Then there's rescue. I'm a firm believer that if you breed, you MUST rescue and foster. That's not always easy. But I feel you are obligated to do your part to help the dogs who were bred and sold irresponsibly.

    There is a line I'm fond of quoting when tragedy strikes (and if you breed long enough it will). I want to put it on a tee shirt if only to invite people who are considering having a litter of puppies to ask me what it means. It would say: BREEDING: Not for the faint of heart.

    Finally, while most people here are talking about AKC breeds, the beauty of the JRTCA Jack Russell is that in addition to conformation classes for breeding stock, we also offer classes for neutered/spayed dogs to encourage people who won't be breeding their dogs to spay or neuter them. We also offer so many types of performance classes it doesn't matter if your dog has a prick ear, or a hard chest, or poor bite.. If they are fast they can race; if they can hunt we offer Go to Ground, Super Earth, and Barn/Brush Hunt classes. Those who like formal training can opt for Obedience (I know, a JRT oxymoron) and Agility. Fun events like Lure Coursing and Ball Retrieval mean any dog can compete in one or more classes at every trial. Also, we break our classes down by Puppy, Open Adult, Veteran, Senior and Geriatric. It's not unusual to see 14 yo JRTs in the Geriatric conformation; proof that good breeding leads to a long life!
    ~Kryswyn~ Always look on the bright side of life, de doo, de doo de doo de doo
    Check out my Kryswyn JRTs on Facebook

    "Life is merrier with a terrier!"


    2 members found this post helpful.

  17. #37
    Join Date
    Jun. 16, 2011
    Posts
    816

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    Intersting reading here. I have a deposit on a puppy right now that I may or may not breed later. I plan on showing her, doing the health test, and looking at her with a very critical eye and if I breed will probably only have one litter.

    I have never bought a dog for myself, they always come to me, so this is my reward to self for being a good dog person.



  18. #38
    Join Date
    Jun. 16, 2011
    Posts
    816

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    [QUOTE=Kryswyn;6828420] The ultimate compliment is when the those puppy owners call you years later and ask if you're having puppies anytime soon because your puppy is now almost 12 and they can't imagine living without one and your puppy was THE BEST EVER.

    QUOTE]

    The puppy I am getting is a Weim from the same bitch that my son's dog is from and the sire is the same bloodlines. We know my son's dog is quality and it was so nice to just call the same people when I was ready for a puppy.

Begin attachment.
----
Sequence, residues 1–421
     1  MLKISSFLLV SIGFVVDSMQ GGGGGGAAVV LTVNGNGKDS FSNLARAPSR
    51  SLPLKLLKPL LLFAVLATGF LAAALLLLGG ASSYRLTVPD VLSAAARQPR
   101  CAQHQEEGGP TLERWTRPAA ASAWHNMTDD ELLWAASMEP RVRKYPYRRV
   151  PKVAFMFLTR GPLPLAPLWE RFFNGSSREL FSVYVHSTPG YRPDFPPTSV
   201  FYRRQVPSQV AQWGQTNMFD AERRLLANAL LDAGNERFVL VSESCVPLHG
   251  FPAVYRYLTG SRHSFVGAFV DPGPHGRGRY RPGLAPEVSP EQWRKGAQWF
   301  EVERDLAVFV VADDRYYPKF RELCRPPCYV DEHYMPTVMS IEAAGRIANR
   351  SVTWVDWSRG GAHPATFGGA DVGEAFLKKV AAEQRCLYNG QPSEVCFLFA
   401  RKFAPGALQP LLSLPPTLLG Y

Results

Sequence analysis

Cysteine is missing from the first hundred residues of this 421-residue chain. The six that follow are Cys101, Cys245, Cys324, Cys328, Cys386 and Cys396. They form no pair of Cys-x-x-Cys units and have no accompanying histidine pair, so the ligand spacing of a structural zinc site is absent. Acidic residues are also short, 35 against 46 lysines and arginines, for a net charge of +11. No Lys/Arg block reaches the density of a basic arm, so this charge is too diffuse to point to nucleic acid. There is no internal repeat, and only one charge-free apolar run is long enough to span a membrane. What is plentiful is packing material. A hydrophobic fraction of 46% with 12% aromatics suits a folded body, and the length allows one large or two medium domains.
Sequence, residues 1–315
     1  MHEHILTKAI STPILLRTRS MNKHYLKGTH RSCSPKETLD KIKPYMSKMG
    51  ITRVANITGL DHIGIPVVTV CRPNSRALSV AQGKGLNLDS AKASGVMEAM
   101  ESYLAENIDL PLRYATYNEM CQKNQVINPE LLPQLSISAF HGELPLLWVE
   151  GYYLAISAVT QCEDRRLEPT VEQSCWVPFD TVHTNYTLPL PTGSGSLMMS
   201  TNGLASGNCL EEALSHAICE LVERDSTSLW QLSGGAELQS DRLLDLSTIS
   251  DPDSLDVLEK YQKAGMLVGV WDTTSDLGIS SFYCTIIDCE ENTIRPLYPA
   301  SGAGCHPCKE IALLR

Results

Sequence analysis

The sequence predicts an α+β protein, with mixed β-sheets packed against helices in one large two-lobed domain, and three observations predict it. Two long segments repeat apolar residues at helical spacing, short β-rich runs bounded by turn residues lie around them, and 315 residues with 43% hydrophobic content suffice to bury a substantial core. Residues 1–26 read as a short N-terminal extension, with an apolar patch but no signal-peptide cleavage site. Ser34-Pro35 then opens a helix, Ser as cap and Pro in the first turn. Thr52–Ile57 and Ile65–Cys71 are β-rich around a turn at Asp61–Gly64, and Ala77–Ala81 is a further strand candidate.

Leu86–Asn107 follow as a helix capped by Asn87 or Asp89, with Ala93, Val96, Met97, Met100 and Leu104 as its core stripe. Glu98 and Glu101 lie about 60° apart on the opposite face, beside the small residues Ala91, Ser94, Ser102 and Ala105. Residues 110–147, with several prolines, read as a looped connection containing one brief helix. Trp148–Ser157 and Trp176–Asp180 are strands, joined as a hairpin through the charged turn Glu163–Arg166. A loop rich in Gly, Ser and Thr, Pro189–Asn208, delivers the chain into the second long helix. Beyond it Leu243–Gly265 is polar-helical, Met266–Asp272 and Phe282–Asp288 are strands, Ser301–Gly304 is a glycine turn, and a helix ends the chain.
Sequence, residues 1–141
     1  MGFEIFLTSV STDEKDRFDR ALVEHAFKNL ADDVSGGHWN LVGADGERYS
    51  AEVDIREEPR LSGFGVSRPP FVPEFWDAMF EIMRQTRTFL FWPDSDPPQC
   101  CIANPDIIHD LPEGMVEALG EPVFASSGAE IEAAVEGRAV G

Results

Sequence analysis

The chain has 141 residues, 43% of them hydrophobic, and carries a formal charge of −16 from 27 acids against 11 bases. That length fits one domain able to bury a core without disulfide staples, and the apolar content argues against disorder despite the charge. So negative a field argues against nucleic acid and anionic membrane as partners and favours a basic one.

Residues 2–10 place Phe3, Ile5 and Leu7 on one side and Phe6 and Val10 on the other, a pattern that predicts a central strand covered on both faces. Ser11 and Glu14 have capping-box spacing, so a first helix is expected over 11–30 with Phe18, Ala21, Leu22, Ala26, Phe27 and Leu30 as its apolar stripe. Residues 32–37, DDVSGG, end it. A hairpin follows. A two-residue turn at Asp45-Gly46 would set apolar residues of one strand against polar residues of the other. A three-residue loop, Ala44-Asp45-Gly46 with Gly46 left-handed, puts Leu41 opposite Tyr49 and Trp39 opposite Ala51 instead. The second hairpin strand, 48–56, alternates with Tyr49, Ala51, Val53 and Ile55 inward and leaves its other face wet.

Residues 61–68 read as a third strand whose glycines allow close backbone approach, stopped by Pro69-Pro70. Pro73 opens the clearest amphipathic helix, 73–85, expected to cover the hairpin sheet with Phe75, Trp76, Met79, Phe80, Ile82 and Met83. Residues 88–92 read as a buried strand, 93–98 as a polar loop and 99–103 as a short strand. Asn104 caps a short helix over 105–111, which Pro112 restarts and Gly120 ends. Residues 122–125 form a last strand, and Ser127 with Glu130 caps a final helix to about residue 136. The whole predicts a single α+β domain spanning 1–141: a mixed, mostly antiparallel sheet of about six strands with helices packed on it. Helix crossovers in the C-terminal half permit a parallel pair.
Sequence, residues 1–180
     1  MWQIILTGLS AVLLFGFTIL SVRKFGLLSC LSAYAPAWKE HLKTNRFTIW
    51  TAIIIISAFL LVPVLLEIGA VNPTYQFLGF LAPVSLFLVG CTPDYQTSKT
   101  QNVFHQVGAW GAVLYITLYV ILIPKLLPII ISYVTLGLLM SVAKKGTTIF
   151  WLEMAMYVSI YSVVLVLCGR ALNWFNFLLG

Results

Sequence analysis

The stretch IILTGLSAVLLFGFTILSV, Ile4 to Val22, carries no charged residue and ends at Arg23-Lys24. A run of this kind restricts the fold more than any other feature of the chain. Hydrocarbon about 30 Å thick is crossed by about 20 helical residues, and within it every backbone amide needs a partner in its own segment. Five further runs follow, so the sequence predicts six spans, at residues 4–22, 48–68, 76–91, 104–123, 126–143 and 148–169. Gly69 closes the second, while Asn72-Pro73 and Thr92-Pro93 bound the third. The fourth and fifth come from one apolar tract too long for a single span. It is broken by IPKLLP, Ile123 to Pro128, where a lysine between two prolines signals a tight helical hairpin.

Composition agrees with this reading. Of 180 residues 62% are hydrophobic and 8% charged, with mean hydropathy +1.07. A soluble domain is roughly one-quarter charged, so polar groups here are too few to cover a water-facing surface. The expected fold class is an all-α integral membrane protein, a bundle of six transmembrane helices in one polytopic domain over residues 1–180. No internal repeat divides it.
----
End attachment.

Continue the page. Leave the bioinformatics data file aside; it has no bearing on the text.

19. #39
    Join Date
    Dec. 18, 2006
    Location
    NY
    Posts
    4,424

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    Quote Originally Posted by Luseride View Post
    Intersting reading here. I have a deposit on a puppy right now that I may or may not breed later. I plan on showing her, doing the health test, and looking at her with a very critical eye and if I breed will probably only have one litter.

    I have never bought a dog for myself, they always come to me, so this is my reward to self for being a good dog person.
    If you go into ownership wanting a nice, healthy dog for a pet with the potential for showing/breeding, you will be much happier than if you go into it hoping for a breeding quality dog. Even the most fantastic breedings don't always produce fabulous show quality puppies, and even in the same litter quality can be different. (I say, as the owner of a breeders "pick of the litter" puppy that grew 3" over the breed standard -- never showed once, but has been a great pet for almost 12 years....!)

    You'll have fun showing her and then you'll know whether she's breeding quality or not. It's way too early to even speculate, except for the fact that you're planning not to spay her so you can show. Are you planning to handle her yourself? Good luck!



  20. #40
    Join Date
    Aug. 22, 2001
    Location
    Almost Aiken
    Posts
    2,654

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    Quote Originally Posted by Kryswyn View Post
    To me the very best part of breeding is hearing the announcer call your name as a class winner or champion with the bitch or dog you bred. The respect you get from your fellow breeders gives you a quiet sense of pride.

    Well then, since Luna is the third dog I've bought from them, I hope I've given her breeders a measure of satisfaction Heaven knows I think the world of the dogs I've had from them!